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New research by the UK Centre for Ecology & Hydrology (UKCEH) has shown climate change is already causing a rapid and extensive warming of Scotland’s lochs and reservoirs.
The report produced for CREW, Scotland’s Centre of Expertise for Waters, warns that the risks to water quality and biodiversity are expected to increase with projected higher air and water temperatures over the coming decades.
Data show that 97% of monitored Scottish lochs and reservoirs increased in temperature between 2015 and 2019. While most of these standing waters (88%) warmed by 0.25°C to 1.0°C per year over this period, nine per cent increased by more than that – some by up to 1.3°C per year.
With water warming at a faster rate than climate, a projected increase in air temperature of 2.5°C in Scotland between 2020 and 2080 would result in a 3°C rise in lochs and reservoirs over that period.
The UKCEH researchers warn that warming and changes in rainfall patterns associated with climate change increase the risk of outbreaks of harmful algal blooms, which out-compete other freshwater plant species and produce toxins that can affect animals and people. This would restrict the use of Scottish lochs and reservoirs for recreation and water supply, and as a safe habitat for wildlife.
Freshwater ecologist Dr Linda May of UKCEH, the lead author of the report, says, “This research has shown, for the first time, that climate change is already warming our lochs and reservoirs in Scotland and that this trend is likely to continue. It provides early warning of the potential impacts of climate change on biodiversity, water supply and recreational use, and highlights the need for mitigation measures to be put in place as quickly as possible.”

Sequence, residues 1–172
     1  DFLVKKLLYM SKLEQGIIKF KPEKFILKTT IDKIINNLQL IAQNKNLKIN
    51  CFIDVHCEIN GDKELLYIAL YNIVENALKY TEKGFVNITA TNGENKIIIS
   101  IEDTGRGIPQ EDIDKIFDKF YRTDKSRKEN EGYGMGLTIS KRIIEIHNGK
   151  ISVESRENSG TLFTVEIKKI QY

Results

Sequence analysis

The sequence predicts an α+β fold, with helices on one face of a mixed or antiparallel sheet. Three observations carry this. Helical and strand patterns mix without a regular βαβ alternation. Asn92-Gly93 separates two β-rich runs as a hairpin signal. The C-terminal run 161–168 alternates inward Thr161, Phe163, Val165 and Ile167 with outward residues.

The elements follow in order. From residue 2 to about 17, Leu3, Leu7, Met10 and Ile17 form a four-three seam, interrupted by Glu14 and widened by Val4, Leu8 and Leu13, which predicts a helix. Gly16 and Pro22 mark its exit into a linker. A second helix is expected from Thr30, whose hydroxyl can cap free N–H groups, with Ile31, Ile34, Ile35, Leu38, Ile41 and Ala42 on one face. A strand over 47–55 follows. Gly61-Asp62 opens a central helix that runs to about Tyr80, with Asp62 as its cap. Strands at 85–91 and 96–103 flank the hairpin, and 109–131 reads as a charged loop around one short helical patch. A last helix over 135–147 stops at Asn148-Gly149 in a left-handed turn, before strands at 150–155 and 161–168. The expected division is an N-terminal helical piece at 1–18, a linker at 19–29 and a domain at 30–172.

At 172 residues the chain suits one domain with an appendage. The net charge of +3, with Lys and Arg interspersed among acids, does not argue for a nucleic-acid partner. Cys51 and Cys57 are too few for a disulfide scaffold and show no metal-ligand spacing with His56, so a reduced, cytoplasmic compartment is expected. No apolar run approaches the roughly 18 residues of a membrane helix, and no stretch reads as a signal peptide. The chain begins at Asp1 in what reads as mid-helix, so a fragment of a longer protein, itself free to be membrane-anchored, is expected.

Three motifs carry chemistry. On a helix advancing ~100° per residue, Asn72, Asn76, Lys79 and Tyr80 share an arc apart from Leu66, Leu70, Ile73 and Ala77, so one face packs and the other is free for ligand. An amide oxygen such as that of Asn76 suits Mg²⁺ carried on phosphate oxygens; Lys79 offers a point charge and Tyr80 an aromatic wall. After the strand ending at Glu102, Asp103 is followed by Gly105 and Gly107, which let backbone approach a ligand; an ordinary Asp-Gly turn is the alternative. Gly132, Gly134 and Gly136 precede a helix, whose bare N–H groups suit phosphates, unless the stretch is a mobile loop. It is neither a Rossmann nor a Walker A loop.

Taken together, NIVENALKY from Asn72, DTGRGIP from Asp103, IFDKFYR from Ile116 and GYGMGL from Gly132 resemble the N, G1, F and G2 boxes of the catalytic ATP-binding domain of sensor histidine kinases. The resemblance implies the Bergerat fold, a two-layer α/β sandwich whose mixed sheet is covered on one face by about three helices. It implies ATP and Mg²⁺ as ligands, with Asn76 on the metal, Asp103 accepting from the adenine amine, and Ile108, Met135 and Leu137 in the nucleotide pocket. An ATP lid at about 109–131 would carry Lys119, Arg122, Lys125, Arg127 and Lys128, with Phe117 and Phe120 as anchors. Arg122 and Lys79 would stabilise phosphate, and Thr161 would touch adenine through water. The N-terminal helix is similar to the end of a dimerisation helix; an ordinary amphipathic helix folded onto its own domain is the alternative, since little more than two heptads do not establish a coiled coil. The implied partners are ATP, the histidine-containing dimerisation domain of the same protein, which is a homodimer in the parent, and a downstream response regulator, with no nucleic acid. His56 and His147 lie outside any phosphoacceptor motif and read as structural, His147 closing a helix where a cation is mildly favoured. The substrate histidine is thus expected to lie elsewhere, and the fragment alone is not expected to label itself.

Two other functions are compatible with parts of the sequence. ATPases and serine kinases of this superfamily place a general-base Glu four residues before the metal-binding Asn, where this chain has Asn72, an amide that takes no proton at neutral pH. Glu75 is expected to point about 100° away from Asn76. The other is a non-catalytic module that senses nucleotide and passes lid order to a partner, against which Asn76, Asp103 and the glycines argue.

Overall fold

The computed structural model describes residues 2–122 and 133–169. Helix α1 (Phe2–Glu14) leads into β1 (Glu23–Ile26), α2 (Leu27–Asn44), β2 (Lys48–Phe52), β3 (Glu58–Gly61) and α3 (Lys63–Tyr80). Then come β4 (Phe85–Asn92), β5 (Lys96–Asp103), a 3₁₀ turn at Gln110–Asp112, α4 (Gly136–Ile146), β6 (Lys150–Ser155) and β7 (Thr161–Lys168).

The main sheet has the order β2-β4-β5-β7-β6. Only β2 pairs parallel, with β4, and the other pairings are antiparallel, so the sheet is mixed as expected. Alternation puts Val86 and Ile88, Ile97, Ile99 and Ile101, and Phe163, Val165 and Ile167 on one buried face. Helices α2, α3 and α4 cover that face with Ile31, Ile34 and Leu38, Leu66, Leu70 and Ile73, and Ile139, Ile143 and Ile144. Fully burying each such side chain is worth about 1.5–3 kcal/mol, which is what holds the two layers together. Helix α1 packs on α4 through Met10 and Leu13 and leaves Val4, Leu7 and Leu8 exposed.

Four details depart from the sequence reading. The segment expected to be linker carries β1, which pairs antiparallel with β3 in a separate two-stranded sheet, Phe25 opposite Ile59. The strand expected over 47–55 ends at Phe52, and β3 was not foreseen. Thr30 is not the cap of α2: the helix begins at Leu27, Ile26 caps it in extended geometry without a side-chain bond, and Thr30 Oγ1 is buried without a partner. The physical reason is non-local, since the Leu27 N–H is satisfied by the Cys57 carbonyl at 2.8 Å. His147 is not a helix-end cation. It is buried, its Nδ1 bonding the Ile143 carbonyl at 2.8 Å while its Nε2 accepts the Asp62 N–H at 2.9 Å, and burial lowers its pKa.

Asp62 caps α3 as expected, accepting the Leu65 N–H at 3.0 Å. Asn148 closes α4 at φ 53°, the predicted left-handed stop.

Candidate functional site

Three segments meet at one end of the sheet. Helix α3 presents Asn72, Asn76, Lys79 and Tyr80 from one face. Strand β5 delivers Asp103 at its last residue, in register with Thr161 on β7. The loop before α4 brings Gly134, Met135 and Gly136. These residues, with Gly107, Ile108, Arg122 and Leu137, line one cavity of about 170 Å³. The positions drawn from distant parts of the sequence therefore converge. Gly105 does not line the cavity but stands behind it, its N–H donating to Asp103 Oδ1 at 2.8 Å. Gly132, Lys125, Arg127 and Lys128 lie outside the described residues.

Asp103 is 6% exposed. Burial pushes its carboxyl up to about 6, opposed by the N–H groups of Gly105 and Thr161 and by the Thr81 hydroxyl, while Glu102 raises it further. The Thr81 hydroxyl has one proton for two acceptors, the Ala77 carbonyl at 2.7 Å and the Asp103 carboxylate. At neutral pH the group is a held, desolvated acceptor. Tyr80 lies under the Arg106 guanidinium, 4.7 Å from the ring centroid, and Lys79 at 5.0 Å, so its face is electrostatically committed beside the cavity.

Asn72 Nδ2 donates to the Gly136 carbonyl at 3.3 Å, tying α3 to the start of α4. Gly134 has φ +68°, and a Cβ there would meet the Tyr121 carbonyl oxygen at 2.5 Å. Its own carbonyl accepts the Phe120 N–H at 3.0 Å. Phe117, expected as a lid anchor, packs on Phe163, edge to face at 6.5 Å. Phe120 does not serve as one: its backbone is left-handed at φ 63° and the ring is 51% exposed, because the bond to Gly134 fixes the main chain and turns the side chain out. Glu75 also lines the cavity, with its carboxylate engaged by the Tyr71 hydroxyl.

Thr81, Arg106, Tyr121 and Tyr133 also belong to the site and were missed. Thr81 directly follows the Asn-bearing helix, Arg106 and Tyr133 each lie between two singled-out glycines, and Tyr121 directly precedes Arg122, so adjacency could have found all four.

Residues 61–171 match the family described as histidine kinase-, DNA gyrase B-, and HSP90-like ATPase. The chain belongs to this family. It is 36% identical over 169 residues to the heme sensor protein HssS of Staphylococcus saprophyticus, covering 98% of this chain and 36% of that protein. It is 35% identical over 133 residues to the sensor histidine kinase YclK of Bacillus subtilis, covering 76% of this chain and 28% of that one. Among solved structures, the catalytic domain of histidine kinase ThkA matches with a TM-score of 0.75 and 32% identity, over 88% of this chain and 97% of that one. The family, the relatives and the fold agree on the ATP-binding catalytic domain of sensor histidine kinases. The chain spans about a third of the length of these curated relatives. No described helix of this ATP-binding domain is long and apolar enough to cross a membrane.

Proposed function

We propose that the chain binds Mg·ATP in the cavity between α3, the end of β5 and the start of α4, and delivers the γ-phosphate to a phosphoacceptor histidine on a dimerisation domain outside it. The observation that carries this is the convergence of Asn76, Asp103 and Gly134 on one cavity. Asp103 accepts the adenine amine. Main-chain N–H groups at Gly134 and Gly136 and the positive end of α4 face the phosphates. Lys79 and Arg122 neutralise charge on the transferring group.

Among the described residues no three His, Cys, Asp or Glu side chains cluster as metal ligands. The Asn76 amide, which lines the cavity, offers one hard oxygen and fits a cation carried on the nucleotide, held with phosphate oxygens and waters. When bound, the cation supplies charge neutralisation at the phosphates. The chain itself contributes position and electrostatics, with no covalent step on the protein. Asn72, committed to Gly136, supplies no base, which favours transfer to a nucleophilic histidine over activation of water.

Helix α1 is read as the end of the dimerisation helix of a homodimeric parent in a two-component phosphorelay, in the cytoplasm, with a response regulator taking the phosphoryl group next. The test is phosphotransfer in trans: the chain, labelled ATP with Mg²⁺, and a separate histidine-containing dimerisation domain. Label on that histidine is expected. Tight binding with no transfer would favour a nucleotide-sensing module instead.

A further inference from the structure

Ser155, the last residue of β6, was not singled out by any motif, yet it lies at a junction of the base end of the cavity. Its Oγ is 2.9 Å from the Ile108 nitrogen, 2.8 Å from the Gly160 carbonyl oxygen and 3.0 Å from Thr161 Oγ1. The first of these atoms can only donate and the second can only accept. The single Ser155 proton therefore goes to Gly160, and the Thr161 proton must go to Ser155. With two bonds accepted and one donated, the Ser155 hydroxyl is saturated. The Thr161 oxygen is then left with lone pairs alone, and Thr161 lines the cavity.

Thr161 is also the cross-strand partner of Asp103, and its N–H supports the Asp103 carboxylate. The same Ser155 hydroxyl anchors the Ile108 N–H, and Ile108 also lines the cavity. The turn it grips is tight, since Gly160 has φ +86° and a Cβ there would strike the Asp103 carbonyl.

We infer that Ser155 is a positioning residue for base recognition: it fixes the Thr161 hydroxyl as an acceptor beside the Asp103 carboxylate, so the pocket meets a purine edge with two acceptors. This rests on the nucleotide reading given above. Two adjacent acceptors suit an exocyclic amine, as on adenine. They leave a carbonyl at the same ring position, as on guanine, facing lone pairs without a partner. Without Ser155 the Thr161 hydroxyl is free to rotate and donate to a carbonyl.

The report provides evidence to help regulatory and conservation agencies, water managers and policymakers plan future strategies to mitigate, and adapt to, climate change.
It makes a number of recommendations; these include reducing the amount of phosphorus and nitrogen entering lochs and reservoirs from their catchments, because these are the other main driver of algal blooms. These nutrients are present in synthetic fertilisers as well as human and animal waste, and sources of pollution in lochs and reservoirs include farm runoff and wastewater discharges.
Actions, such as the creation of buffer strips and constructed wetlands, are already under way in many catchments across Scotland aimed at reducing nutrient inputs. The report, published on CREW’s website, says targets for the regulation of nutrients may also need to be reviewed in the light of climate-driven warming.
The authors also recommend further monitoring and research to improve our understanding of climate impacts on the complex functioning of our lochs and reservoirs. Of particular interest is when those ecosystems and their biodiversity are likely to reach crucial ‘tipping points’ beyond which there may be no return. Further research by CREW in 2022 will help address those questions.
Màiri McAllan, Environment Minister in the Scottish Government, says the report would be hugely valuable in informing sound climate policy decisions, adding: “This important research provides yet more worrying evidence of the risks of harm from climate change on Scotland’s water environment. It is vital that we do more to mitigate those impacts, to seek to reduce the pace of warming but also to adapt to it.”